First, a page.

2012-06-06-2416-paulanders-erickson Paul Erickson is a Professor of Mechanical and Aeronautical Engineering, Director of the Hydrogen Production and Utilization Laboratory, and Co-Director of the U.S. Department of Energy GATE Center of Excellence. His research interests are in fuel cell vehicles and power systems, hydrogen production and utilization, internal combustion engines, solar energy utilization, heat and mass transfer enhancement of reacting flows, pollution prevention, and instrumentation. Dr. Erickson has a Ph.D. from the University of Florida with a minor in Environmental Engineering Science and an M.S. and B.S. in Mechanical Engineering from Brigham Young University.
faculty_hargadonandrew Andrew Hargadon is Founding Director of the EEC, the Charles J. Soderquist Chair in Entrepreneurship, Director of the Center for Entrepreneurship and Professor in the Graduate School of Management at UC Davis. Dr. Hargadon came to UC Davis from the University of Florida. Prior to that, he worked as a product designer at IDEO and Apple Computer and taught in the Product Design program at Stanford University. Dr. Hargadon’s research focuses on the effective management of innovation and he has written extensively on knowledge and technology brokering, the role of learning and knowledge management in innovation and the strategic role of design in managing technology transitions. Dr. Hargadon received his B.S. and M.S. in Stanford University’s Product Design Program in the Mechanical Engineering Department.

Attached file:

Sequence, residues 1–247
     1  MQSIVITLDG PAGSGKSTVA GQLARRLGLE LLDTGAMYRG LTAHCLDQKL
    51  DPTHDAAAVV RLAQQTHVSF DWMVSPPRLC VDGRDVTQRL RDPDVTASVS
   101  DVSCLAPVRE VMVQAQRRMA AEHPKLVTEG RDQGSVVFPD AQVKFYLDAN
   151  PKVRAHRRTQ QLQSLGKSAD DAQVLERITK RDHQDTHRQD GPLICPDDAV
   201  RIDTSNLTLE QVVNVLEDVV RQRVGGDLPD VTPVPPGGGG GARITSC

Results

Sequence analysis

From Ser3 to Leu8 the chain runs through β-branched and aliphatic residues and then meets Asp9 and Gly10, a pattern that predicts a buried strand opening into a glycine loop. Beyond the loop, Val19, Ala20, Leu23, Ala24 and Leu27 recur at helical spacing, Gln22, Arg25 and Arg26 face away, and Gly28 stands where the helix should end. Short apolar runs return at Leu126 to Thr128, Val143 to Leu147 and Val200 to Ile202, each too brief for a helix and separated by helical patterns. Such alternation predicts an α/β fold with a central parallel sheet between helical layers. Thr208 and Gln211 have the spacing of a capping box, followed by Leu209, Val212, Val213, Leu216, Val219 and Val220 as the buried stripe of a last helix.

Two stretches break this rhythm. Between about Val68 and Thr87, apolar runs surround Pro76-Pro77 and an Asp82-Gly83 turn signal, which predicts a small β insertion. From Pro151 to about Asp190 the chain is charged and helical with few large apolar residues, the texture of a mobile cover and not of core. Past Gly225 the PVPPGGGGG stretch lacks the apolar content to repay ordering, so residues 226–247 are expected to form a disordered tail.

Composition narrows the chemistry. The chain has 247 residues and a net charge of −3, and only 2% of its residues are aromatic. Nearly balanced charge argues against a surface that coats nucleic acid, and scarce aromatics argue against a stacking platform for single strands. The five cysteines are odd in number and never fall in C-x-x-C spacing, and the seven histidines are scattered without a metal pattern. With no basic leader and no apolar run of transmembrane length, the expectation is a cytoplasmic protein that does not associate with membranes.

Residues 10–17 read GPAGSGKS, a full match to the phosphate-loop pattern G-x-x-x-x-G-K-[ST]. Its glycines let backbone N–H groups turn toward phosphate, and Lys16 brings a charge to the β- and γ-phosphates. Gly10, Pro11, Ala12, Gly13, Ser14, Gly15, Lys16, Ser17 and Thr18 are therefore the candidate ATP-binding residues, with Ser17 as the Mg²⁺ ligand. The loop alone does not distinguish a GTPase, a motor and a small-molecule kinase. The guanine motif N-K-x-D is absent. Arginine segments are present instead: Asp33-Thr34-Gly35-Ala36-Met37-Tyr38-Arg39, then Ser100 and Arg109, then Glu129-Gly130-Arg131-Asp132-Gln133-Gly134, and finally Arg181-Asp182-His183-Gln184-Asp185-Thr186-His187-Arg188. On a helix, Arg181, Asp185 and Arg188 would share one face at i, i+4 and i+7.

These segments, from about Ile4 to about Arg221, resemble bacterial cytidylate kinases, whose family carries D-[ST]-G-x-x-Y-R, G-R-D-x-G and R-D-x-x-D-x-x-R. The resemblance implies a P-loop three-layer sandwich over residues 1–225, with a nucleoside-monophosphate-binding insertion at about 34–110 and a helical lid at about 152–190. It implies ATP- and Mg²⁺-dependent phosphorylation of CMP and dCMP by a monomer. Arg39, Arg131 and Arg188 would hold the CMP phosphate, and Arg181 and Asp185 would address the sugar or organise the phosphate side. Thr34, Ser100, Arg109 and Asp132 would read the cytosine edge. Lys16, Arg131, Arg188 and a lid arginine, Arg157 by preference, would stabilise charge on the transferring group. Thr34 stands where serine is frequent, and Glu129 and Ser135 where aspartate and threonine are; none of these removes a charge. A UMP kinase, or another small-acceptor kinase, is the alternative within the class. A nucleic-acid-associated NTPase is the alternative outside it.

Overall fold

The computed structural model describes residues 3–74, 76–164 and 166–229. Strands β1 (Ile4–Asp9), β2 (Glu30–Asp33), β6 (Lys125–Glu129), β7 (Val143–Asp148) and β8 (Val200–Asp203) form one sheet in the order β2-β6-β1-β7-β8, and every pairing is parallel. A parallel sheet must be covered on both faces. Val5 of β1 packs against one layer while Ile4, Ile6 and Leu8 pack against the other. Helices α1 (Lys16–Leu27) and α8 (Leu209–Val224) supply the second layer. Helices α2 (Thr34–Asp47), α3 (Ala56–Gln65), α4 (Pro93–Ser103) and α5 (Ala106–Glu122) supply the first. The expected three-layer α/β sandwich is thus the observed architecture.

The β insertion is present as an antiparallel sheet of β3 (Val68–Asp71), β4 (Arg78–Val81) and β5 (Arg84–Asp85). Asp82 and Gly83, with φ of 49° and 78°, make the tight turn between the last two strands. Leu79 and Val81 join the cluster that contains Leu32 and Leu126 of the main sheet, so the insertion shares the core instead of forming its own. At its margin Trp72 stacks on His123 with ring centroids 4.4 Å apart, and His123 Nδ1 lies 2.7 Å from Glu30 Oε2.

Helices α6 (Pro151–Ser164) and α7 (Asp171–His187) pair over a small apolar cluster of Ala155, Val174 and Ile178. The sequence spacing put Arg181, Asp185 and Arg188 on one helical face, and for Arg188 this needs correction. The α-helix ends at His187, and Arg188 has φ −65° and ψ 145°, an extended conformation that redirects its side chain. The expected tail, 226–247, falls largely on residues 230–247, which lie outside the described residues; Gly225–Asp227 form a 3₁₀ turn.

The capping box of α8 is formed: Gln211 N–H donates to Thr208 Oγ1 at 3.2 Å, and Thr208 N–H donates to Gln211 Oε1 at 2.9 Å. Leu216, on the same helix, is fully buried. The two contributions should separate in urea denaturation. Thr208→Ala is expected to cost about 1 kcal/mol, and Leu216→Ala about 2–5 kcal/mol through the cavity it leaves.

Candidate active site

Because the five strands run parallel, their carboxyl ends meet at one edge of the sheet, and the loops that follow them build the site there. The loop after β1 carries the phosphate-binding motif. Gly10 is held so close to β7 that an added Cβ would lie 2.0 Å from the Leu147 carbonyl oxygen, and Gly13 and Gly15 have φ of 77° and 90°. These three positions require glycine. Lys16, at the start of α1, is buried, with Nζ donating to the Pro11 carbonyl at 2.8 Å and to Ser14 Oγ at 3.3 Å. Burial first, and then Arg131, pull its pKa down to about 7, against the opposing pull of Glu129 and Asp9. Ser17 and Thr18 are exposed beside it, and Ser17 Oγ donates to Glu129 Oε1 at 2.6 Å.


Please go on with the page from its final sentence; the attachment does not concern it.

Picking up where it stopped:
tujarvis Lovell (Tu) Jarvis is a Professor in Agricultural and Resource Economics, Director of the UC Davis Blum Center for Developing Economies, Faculty Director of the UC Davis – Chile Partnership Program, and former Associate Dean for Human Sciences in the College of Agricultural and Environmental Sciences, UC Davis. Dr. Jarvis is currently researching livestock development in least developed countries (LDC) with an emphasis in cattle, as well as investigating the effect of food and nutrition policies in LDC on the growth of young children. Dr. Jarvis received his Ph.D. in Economics at Massachusetts Institute of Technology and B.A. in Economics at University of Kansas.